The Army on Thursday awarded Northrop Grumman [NOC] a potential $1.4 billion deal covering low-rate initial production and full-rate production for the Integrated Air and Missile Defense Battle Command System (IBCS).
The deal, which was competitively awarded with two bids submitted, covers delivery of up to 160 systems “to support the modernization of air and missile defense for the U.S. Army and foreign partners,” according to the Army.
It was not disclosed as of Defense Daily’s deadline who the other competitor was that submitted a bid for the production contract.
“In partnership with the U.S. Army, Northrop Grumman will deliver IBCS to the warfighter, bringing its critical all domain capabilities to the changing battlefield. It’s also a major milestone in the extension of our open systems architecture approach to JADC2,” Mary Petryszyn, corporate vice president and president for Northrop Grumman Defense Systems, said in a statement to Defense Daily.
IBCS is the Army’s future missile defense command platform, designed to integrate and connect the service’s full range of “sensor to shooter” capabilities.
“IBCS is a keystone Army Futures Command program that will provide a decisive battlefield advantage through weapon and sensor integration and a common mission-command system across all domains, delivering an integrated fires capability to the warfighter while improving battle space awareness, decision timing and protection against threats in complex integrated attack scenarios,” the Army wrote in a statement.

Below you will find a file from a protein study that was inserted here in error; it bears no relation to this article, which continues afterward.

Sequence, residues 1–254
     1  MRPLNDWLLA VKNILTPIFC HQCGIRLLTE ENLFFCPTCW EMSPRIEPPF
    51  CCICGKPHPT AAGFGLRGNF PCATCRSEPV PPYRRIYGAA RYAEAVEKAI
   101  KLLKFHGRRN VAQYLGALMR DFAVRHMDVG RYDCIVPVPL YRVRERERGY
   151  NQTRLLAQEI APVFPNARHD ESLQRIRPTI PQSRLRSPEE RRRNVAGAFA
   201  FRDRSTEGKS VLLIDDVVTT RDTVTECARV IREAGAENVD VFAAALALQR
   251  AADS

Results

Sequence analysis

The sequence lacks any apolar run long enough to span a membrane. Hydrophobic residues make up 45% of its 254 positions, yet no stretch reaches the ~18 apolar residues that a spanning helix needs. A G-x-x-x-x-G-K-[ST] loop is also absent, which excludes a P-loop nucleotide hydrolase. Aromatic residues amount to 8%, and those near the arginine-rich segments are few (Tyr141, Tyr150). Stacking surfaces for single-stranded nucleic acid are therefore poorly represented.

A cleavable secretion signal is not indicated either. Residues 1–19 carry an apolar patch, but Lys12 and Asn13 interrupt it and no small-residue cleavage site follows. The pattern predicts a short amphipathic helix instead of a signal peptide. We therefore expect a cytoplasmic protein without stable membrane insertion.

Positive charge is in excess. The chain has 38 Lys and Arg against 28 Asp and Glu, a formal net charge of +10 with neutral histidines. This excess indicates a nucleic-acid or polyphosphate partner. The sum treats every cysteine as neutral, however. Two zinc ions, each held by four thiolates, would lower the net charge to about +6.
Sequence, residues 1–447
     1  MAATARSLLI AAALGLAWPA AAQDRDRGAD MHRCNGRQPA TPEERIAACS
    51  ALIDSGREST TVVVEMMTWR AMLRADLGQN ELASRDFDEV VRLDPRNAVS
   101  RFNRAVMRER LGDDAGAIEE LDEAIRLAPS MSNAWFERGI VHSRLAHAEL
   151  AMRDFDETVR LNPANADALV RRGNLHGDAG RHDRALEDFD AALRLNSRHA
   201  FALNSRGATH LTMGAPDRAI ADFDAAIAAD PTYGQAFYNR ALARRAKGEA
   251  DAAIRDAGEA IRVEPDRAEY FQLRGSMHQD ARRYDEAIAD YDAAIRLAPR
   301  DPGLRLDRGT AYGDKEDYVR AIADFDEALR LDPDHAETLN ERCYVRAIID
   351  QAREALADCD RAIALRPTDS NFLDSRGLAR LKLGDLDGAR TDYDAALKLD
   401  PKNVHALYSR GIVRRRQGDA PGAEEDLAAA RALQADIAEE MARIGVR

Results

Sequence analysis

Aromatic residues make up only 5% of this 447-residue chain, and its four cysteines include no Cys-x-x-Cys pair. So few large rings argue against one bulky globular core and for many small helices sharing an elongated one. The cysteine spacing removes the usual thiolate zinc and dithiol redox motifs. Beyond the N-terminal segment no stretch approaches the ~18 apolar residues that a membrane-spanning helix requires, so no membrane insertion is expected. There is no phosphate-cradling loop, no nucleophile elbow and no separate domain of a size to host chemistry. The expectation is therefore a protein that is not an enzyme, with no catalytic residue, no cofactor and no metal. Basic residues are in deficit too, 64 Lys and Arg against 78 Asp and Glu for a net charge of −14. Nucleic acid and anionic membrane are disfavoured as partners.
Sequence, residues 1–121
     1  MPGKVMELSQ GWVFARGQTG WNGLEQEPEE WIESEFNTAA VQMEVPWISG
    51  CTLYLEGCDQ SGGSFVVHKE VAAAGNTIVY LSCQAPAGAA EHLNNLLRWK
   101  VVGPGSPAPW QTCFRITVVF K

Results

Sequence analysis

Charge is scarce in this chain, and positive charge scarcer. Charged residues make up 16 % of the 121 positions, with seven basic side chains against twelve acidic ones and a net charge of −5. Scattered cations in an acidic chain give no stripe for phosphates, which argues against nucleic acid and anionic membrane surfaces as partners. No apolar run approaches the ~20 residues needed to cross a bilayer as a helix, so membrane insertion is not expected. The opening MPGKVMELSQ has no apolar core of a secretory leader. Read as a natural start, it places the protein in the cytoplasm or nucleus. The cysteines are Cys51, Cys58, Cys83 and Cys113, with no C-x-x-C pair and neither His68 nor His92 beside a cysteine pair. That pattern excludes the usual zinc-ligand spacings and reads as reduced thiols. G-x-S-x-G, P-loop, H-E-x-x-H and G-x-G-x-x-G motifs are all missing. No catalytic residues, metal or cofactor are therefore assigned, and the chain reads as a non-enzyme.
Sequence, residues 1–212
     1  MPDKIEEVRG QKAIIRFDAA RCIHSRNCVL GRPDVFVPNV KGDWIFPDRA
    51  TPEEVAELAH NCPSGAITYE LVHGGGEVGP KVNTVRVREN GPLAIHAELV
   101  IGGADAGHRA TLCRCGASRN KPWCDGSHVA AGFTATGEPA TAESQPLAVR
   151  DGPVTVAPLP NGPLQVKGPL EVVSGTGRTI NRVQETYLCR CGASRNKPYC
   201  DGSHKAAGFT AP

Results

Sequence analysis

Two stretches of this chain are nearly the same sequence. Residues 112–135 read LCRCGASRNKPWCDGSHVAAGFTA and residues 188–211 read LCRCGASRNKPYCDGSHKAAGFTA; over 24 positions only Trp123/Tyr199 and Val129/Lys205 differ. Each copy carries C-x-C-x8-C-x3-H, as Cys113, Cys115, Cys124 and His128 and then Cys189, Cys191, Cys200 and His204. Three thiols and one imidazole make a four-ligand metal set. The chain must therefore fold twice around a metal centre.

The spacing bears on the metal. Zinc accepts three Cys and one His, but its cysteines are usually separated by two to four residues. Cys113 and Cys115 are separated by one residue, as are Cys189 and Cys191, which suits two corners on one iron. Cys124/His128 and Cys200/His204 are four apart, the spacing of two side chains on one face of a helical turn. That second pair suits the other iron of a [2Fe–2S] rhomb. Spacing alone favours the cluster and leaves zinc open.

The Army noted the five-year production deal was “the first significant competition for this major defense acquisition program since the 2009 award of the engineering and manufacturing development contract.”
A full rate-production decision for IBCS is slated for fiscal year 2023, according to the Army.
The Army had invested $2.9 billion into IBCS as of January, when the program received a Milestone C decision to move into production, with Northrop Grumman having handled the development and prototyping of the program.
As of the summer, the Army had conducted six developmental flights tests with IBCS along with two additional operational tests completed during last year’s Limited User Test event.
A July risk reduction test with IBCS featured the “widest variety of sensors to date,” to include incorporating the Marine Corps’ new AN/TPS-80 Ground/Air Task-Oriented Radar system, also built by Northrop Grumman, in an electronic attack scenario (Defense Daily, July 15).